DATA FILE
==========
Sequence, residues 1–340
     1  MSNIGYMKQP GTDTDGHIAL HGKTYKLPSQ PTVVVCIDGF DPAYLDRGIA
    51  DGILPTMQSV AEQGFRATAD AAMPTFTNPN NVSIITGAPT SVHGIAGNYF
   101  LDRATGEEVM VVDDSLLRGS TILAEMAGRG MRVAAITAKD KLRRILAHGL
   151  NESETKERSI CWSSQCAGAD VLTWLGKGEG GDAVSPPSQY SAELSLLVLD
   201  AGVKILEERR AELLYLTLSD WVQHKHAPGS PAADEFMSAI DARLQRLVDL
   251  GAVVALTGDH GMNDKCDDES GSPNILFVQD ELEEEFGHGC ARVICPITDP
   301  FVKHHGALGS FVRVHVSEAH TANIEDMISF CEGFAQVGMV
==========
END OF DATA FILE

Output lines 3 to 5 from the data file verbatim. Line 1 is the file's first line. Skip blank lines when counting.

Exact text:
    51  DGILPTMQSV AEQGFRATAD AAMPTFTNPN NVSIITGAPT SVHGIAGNYF
   101  LDRATGEEVM VVDDSLLRGS TILAEMAGRG MRVAAITAKD KLRRILAHGL
   151  NESETKERSI CWSSQCAGAD VLTWLGKGEG GDAVSPPSQY SAELSLLVLD